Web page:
Weatherford: 'Florida Work Plan' Calls for Fixing Elections, Pension, Education
Around the State
Florida House Speaker Will Weatherford laid out the Florida House's agenda for the 2013 legislative session that began Tuesday. Among the priorities of the “Florida Work Plan,” which the speaker and Florida Senate President Don Gaetz jointly developed, are restoring trust in government, education reform and protecting the state’s fiscal future.
In his remarks during the first session of the House Tuesday morning, the Republican of Wesley Chapel said the Legislature will make Florida a “pocket of personal and economic freedom” during a time of national fiscal uncertainty, since the federal government has not tackled the nation’s debt crisis nor has it passed a budget in nearly four years.
The speaker outlined a detailed agenda to reach that fiscal goal that includes reform of the state’s pension system and not expanding Medicaid in the state.
Weatherford said this year the state will pay $500 million of general revenue to shore up the state's pension fund – an amount on top of what Florida contributes to state employees’ retirement. According to the speaker, the same half billion will need to be paid for the next nearly 30 years to keep the system solvent. He declared a pension-reform plan will be passed this session that is fair and will not require raising taxes down the line to keep the pension fund afloat.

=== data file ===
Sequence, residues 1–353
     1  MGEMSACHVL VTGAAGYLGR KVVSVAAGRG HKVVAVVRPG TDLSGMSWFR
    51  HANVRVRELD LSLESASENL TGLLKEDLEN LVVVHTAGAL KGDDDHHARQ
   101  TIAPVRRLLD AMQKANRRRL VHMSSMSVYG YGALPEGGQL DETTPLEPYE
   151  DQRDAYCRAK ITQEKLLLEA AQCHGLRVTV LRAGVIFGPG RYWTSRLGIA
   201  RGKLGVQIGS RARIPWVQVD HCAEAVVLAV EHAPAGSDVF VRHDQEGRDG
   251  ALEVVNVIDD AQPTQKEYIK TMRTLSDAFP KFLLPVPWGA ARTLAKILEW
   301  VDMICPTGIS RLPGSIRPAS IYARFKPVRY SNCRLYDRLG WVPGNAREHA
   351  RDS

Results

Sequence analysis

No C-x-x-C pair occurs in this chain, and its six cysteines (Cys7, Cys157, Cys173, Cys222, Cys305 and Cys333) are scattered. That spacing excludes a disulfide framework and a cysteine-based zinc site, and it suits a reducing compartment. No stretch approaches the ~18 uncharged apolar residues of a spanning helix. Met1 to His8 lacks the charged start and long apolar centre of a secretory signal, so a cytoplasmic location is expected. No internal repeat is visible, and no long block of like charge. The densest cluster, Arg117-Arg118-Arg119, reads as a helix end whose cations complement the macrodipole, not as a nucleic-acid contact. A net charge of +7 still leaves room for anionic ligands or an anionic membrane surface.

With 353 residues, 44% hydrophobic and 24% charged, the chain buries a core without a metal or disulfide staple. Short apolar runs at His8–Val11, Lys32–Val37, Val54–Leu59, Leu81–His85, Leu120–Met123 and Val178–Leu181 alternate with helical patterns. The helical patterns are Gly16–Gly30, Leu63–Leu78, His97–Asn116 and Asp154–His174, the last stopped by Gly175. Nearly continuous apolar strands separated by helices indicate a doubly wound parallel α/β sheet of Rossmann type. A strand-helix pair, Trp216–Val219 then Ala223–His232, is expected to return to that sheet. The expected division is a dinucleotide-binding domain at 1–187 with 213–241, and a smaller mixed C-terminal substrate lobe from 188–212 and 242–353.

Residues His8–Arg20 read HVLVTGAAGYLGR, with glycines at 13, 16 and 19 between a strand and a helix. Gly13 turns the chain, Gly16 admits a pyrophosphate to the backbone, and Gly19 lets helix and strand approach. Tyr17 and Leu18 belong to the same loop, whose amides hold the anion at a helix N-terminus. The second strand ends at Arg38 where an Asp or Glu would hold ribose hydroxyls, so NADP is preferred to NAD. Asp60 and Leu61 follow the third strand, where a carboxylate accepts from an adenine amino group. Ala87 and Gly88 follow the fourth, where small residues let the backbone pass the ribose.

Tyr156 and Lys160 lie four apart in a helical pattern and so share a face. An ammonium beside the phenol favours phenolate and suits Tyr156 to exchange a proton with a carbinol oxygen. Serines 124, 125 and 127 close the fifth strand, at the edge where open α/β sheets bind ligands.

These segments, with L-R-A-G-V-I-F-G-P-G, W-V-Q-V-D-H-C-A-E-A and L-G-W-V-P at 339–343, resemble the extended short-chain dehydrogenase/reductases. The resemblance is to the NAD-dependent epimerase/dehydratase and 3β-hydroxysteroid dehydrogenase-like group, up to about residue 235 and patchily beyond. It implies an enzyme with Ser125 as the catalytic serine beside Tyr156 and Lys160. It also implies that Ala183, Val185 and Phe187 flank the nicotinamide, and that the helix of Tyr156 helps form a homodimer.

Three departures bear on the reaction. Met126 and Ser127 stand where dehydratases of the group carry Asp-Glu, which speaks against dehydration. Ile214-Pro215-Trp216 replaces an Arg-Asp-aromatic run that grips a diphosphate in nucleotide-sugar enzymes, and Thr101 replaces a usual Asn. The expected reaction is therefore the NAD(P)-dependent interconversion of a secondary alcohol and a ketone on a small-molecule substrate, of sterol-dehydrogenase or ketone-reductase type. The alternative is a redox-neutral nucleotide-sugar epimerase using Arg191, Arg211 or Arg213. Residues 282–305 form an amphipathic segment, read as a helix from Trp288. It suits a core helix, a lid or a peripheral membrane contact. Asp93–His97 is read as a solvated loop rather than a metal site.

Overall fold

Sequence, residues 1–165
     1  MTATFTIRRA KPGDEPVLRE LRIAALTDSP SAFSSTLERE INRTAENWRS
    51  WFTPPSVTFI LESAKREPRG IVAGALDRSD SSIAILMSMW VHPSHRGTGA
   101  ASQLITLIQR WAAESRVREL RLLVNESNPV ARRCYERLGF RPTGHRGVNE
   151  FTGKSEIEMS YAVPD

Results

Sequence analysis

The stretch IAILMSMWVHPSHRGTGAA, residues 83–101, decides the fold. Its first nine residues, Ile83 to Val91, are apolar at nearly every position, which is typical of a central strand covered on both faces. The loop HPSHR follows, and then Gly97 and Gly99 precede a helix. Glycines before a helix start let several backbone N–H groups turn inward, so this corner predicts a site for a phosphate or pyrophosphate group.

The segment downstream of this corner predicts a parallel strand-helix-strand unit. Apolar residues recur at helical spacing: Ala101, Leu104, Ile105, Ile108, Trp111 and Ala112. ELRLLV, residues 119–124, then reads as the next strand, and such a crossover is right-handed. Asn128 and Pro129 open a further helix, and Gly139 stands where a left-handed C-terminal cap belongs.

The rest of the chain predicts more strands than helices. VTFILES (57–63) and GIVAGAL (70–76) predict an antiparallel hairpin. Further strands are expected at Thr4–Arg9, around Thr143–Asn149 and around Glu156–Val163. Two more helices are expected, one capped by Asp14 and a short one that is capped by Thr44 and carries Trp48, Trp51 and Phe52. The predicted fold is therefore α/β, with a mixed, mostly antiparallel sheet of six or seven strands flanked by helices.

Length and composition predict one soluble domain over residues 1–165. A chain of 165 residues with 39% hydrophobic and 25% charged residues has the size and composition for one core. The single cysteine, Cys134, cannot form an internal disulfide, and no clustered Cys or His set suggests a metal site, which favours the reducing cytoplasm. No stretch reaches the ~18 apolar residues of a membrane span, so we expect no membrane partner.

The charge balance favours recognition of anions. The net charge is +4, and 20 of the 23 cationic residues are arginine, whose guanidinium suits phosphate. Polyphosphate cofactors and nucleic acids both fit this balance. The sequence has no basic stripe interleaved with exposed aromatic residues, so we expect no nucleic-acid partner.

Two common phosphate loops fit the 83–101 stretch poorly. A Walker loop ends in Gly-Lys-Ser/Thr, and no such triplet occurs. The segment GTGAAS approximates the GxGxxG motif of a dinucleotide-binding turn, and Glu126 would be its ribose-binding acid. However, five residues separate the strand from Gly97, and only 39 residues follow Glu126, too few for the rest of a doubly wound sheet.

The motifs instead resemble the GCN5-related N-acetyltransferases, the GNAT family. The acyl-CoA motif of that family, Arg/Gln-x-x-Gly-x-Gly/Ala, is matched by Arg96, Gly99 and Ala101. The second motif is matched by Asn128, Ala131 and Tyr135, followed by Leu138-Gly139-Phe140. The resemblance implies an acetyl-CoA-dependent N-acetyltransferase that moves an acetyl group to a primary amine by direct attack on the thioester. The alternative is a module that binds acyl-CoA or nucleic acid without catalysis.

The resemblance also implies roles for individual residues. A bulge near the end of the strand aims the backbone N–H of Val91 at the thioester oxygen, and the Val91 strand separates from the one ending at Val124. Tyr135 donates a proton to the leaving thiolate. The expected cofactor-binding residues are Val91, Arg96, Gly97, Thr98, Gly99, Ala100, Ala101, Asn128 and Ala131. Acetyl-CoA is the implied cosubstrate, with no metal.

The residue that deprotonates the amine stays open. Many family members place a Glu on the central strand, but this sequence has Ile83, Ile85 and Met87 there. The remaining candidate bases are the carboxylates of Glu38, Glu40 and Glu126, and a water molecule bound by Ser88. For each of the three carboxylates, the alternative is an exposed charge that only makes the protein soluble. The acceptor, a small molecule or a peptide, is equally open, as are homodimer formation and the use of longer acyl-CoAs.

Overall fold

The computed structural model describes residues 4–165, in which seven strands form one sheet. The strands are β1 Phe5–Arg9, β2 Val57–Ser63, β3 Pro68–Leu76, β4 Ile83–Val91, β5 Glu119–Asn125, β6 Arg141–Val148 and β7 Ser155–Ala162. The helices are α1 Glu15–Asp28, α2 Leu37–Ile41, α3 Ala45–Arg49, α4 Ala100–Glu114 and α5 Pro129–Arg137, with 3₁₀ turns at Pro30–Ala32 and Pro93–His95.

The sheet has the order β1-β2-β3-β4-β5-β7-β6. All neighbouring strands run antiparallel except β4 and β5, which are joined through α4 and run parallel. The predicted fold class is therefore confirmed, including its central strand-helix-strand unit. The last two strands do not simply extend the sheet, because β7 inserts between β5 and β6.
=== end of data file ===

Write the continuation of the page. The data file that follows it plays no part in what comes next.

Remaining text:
He also vowed to pass an annual balanced budget to show lawmakers in D.C. how it's done.
The speaker also said lawmakers will restore trust in government through a series of election and campaign finance reforms. “We must restore trust in government because if the public believes that our elections are flawed, that our ethics laws are weak, and that our campaign finance laws are broken, how will they ever have confidence in anything else we do here?” he asked.
Weatherford noted the state will continue to work on improving the K-12 system but focused much of his comments on higher education, with the announcement of the opportunity for every university to earn a merit-based increase in funding and the creation of what he deemed a “branded, accredited, singularly-focused online university will be that catalyst for change.”
Weatherford pointed out that the generation currently entering higher education grew up on the Internet. He believes an online university will bolster higher learning, because of its availability to more Floridians and its affordability compared to traditional universities.
“The best part about it is that we can offer it for a fraction of the cost,” Weatherford said. “Our next generation of students won’t have to choose between being saddled with debt and getting a degree.”
The speaker hopes the agenda put forward will help foster a state where the American dream of upward mobility through hard work and playing by the rules is still possible.
Anne Smith writes special to Sunshine State News.